Not all learning methods are created equal. Someone who decides to immerse themselves completely in a country’s culture by going there and talking to locals will learn Japanese much faster than someone who learns a few vocabulary words every other day at home in the U.S.

Learning methods play a very important role in your learning process, so spend a little time up front thinking about your goals, learning style, budget, time, etc., and find a learning tool (or several) that will meet your needs!

It’s all about you

We can’t say it often enough, but your learning depends mainly on you. Your motivation, the time you choose to invest, how you organize your study time… it’s all up to you. No one can make these choices for you.

Here are some useful questions to ask yourself:

  • What level do you want to reach? Do you just want to visit for a week and be able to ask for restaurant recommendations? Or do you want to land a full-time job in Japan? These are important questions to answer.
  • How motivated are you? If you’re self-taught, it can be easy to take a long hiatus. Enrolling in a course can help you to stay regular in your learning. If you find that it’s taking longer than you expected, will that discourage you?
  • How long does it take to learn Japanese? How much time are you prepared to set aside to learn the language? One three-hour chunk per week? 10 minutes a day? Be careful how you go about it!
River boat cruise at sunset in Kyoto, with light pink cherry trees in full bloom over the water.
Photo credit: Traveling with Kristin


Tips From Our Teachers: How to Learn Japanese Faster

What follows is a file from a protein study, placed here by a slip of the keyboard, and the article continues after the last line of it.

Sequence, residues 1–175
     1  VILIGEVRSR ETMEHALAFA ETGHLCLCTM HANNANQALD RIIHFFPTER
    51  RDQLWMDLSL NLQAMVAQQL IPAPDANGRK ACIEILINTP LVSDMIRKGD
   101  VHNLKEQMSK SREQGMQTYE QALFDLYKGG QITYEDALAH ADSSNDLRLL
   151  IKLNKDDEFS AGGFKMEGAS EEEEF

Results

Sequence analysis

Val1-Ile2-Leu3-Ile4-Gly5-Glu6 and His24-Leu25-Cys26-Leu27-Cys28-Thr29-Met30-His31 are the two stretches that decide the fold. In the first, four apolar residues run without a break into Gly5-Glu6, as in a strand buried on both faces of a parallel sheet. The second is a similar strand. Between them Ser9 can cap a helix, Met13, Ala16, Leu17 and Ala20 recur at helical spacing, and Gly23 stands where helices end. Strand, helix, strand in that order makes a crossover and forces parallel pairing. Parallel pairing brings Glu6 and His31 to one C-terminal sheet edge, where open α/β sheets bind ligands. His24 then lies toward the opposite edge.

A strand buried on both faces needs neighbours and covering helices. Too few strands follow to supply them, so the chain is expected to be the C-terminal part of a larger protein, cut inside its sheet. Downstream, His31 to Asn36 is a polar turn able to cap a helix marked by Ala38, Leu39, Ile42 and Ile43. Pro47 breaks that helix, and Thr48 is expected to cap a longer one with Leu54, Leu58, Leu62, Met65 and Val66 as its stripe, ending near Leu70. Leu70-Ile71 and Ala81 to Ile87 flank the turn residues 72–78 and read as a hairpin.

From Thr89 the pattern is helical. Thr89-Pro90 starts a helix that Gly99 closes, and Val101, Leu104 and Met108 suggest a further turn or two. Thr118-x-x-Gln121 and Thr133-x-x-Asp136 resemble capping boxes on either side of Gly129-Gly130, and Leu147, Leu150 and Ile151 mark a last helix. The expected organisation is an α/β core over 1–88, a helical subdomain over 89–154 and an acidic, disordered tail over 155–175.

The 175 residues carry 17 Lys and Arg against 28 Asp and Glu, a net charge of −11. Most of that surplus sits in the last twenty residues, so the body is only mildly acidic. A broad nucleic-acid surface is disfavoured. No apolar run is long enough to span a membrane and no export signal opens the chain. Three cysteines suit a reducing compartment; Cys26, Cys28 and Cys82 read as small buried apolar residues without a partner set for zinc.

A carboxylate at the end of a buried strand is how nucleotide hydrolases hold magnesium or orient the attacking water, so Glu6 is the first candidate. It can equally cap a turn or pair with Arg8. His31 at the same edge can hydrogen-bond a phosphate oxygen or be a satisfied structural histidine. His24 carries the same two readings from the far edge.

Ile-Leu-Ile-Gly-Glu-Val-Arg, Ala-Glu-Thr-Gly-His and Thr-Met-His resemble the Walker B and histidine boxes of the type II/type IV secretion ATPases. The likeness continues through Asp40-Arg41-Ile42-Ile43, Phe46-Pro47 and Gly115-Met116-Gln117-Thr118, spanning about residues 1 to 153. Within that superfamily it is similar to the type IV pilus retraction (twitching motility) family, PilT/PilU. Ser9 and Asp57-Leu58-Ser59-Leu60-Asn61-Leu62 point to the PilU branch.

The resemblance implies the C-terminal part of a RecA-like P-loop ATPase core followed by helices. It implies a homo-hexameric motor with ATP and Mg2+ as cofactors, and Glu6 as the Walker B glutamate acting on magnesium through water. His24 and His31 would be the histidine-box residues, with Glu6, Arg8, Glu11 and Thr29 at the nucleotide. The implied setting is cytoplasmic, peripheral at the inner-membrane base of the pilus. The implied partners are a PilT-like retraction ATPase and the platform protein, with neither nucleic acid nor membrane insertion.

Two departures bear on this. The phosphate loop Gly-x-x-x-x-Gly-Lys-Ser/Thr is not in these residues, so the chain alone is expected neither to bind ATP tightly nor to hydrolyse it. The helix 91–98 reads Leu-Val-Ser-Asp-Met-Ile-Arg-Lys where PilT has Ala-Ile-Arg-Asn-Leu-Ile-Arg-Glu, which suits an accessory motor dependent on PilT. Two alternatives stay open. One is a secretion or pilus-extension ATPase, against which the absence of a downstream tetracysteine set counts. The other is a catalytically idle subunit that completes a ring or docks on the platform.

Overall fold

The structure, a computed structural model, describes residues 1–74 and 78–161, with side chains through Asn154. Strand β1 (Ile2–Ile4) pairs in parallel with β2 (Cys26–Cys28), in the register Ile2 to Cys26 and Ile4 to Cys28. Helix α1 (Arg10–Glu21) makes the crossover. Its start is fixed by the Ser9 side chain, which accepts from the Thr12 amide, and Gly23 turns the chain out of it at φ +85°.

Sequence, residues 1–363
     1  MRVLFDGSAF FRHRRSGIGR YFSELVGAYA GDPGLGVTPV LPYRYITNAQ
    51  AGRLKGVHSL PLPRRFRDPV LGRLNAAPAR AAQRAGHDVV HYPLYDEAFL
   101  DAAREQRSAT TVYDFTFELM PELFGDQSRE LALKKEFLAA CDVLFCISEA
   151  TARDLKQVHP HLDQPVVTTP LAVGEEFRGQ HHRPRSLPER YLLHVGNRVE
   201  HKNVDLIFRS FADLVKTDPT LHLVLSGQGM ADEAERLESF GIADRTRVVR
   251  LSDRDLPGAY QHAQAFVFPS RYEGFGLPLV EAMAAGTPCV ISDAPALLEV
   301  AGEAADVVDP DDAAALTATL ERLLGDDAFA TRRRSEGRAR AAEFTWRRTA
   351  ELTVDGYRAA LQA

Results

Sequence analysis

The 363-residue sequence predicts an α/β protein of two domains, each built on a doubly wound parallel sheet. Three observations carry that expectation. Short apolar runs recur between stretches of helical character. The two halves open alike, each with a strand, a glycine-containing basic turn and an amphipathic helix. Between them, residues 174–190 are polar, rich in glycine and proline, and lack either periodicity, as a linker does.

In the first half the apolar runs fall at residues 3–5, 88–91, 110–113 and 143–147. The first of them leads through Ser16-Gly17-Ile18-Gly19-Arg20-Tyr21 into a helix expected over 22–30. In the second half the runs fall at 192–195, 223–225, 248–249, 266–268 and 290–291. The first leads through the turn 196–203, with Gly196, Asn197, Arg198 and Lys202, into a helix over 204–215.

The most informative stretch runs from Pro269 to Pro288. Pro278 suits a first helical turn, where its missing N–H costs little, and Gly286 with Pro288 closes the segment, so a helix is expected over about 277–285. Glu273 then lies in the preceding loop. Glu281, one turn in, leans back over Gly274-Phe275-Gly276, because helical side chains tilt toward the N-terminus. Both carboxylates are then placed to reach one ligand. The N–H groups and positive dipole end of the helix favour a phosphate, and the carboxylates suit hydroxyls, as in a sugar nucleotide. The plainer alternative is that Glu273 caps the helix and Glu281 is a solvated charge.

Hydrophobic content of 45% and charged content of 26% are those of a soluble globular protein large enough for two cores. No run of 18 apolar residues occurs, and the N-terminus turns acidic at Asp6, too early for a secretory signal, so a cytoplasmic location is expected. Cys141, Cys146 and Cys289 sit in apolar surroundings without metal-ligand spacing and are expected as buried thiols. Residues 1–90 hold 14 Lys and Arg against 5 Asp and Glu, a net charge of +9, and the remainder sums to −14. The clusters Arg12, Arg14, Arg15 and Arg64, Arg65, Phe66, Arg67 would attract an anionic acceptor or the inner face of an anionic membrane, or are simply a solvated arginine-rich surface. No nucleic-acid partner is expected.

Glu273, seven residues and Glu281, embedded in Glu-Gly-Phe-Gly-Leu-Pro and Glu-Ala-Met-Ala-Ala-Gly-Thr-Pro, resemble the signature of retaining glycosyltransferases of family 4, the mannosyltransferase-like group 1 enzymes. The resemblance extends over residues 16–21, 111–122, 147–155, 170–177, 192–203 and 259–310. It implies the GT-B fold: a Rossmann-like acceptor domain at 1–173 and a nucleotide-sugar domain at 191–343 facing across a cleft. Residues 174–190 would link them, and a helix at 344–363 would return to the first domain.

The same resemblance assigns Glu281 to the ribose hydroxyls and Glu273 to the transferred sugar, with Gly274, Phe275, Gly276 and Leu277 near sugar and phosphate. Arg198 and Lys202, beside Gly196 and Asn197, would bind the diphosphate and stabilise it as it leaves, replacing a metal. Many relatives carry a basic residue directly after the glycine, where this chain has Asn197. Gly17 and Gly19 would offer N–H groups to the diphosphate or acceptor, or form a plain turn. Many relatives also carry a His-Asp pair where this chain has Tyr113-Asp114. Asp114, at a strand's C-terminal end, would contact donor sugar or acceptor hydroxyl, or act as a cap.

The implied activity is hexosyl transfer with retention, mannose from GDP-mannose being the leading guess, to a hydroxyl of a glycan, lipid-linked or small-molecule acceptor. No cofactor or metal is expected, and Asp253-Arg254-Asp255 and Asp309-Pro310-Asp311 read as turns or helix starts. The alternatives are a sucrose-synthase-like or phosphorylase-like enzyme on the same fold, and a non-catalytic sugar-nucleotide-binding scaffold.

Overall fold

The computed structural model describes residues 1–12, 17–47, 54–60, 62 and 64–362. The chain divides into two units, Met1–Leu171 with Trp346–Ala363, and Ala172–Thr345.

Set goals

Whether you want to travel to Japan for a week or make it your new home, it’s important to set incremental goals. For example, you could say to yourself:

  • At the end of one month, you want to be able to chat in Japanese for 5 minutes. Or describe yourself in 5 minutes and work on a short monologue.
  • Learn 20 new words per week.
  • Learn 15 new kanji per week.
  • You can even separate the different skills: learn vocabulary for three days, then kanji for two days, and finally grammar rules for the remaining two days.

There are lots of ways to learn. Setting small, achievable goals throughout your learning journey will help you stay motivated. And motivation is important! Quantifying things will help you to improve more quickly and keep track of your progress, feeding your motivation to keep learning.

Prioritize what will be most useful

According to the Pareto principle, we only use a small portion (about 20%) of what we know in the majority of situations. In other words, it’s best to concentrate on what’s most useful first, before you start learning in greater depth.

In Japanese, the basic level (for those in the know, this corresponds to the JLPT N5 exam), which corresponds to an A1 level on the CEFR scale, requires knowledge of 600 to 800 vocabulary words, 100 kanji, and a solid grammatical base, as well as being able to understand a little spoken Japanese.

But don’t be afraid of these numbers. They may seem high, but learning a new language is well worth the effort! If you learn the basics of Japanese and revise regularly, you’ll make progress in no time.

Practice as soon as possible

To progress, you need to practice. And while many people can understand a language without knowing how to speak it, there’s really no point in that if your goal is to interact with Japanese people. Especially since the Japanese aren’t known for their mastery of English – quite the opposite, in fact (depending on your destination). So it’s essential to know how to speak the language, especially if you’re planning a long stay in the country.

Even if you only know how to say “Hello, my name is…,” start speaking in Japanese right away! Get comfortable making mistakes – this will help you improve more quickly.

You can also start corresponding with a Japanese pen pal to improve your vocabulary and written expression. Learn the hiragana and katakana first, then gradually introduce kanji into your learning process.

Learning to speak and write will help you immensely as you learn and master Japanese to the level you want. Knowing the different writing systems may only be for reading, but you’ll need to be able to recognize the characters. In fact, did you know that fewer Japanese people know how to write characters than know how to recognize and read them?


Next Steps

If you’re interested in learning Japanese, here are a few other articles that might be useful: